Rural Cap program puts elders in the classroom

Elder mentor, "Grandma" Rosemary working with a student at Alaska Native...
Elder mentor, "Grandma" Rosemary working with a student at Alaska Native Cultural Charter School. (KTUU)
Published: Jan. 16, 2020 at 9:54 AM AKST
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Most everyone at Alaska Native Cultural Charter School knows who you're talking about when you say "Grandma Rosemary."

She's an 88-year old elder mentor with Rural Cap's Elder Mentor Program. You can catch her smiling and making her way down the hallway 5 days a week, ready to tackle the day. She's been a volunteer with the program for 7 years and doesn't plan on hanging up her helper hat anytime soon.

"That means I have a whole day with people. Talking to children, talking to teachers, parents when they come in. We have a nice time, she said.

Grandma Rosemary enjoys being around people. She's one of about 60 volunteers with the program. She's been at the same school, different classrooms, but doesn't miss a day.

"What do I get out of it? I'm 88 and I'm here and I'm up and at em because when you get up and get out of the house is when you're going to end up with more years," she said.

Elders work with kids who might need a little extra help in the classroom. Help that Grandma Rosemary said goes a long way.

"With a smile and a hand and just trying to draw them out. You talk to them you let them tell you things too," she explained.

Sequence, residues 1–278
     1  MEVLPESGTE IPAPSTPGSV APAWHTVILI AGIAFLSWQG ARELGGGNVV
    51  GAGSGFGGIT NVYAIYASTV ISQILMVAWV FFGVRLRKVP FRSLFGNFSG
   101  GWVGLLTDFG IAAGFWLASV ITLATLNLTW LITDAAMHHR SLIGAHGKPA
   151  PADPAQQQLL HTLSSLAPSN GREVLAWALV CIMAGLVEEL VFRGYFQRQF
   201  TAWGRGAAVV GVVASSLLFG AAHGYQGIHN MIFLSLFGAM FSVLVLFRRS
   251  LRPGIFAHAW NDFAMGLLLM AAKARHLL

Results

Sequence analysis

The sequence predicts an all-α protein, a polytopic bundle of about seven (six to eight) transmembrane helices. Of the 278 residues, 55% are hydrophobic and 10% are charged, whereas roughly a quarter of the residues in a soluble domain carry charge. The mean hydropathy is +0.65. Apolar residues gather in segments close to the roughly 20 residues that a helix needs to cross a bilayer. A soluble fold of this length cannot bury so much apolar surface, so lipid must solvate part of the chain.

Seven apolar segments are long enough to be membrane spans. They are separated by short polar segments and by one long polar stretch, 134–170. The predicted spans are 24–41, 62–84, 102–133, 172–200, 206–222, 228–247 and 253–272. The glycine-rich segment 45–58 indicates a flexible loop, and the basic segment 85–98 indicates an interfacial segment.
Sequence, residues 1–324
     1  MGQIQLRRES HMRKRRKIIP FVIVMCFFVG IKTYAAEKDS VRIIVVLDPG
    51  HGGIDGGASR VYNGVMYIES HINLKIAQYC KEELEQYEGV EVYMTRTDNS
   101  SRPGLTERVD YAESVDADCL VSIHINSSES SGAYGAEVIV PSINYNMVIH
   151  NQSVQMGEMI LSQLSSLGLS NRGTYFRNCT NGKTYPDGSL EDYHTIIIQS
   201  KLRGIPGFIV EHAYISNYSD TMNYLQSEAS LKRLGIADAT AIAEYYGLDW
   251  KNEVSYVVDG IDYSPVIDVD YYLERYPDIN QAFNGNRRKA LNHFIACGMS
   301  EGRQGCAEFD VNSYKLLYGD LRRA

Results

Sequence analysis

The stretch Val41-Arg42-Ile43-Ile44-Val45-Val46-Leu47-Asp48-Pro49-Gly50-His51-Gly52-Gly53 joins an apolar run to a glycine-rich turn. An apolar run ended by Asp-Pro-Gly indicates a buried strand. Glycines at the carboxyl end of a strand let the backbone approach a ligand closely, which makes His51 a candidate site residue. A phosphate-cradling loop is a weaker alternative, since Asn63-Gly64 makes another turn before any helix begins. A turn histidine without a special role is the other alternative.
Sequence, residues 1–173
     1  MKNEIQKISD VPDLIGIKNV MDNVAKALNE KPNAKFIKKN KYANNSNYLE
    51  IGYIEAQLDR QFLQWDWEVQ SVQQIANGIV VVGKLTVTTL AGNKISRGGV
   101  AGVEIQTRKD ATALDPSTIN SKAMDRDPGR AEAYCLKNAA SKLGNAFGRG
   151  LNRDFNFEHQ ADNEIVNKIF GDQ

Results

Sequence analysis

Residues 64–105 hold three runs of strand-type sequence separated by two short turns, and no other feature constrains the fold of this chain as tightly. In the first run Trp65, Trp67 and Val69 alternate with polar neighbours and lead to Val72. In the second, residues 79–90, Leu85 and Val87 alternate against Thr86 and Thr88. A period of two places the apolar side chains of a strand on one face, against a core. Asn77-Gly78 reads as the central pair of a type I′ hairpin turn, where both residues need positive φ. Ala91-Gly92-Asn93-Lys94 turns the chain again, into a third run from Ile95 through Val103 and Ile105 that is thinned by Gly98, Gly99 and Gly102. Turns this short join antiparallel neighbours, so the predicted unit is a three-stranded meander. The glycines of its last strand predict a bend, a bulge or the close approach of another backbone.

So, why elders? Program Coordinator Ted Irvin said having elders in the classroom is important because students feel like they can develop a level of trust.

"They're not necessarily an authority figure and they open up, they share a lot of what's going on their struggles with elders," said Irvin.

"The love they give, you give back," added Grandma Rosemary.

Not to mention the cultural connection, especially for the sites in rural Alaska.

"It's a cultural connection, trying to keep a lot of their cultural heritage, their language, some of their values and cultural practices alive," said Irvin.

So, the next time you wander the halls at Alaska Native Cultural Charter School in Anchorage, be on the lookout for "Grandma Rosemary." She'll be the one listening, advising and perhaps even hugging that next generation of young students.

"They all lined up so they could give me a hug in the morning. It's a wonderful feeling," she said.

The age cut off is 55 and older and volunteers are asked to commit to at least 5 hours a week. Some elders may also be eligible for a stipend and meal and mileage reimbursement.

to apply online and to learn more.

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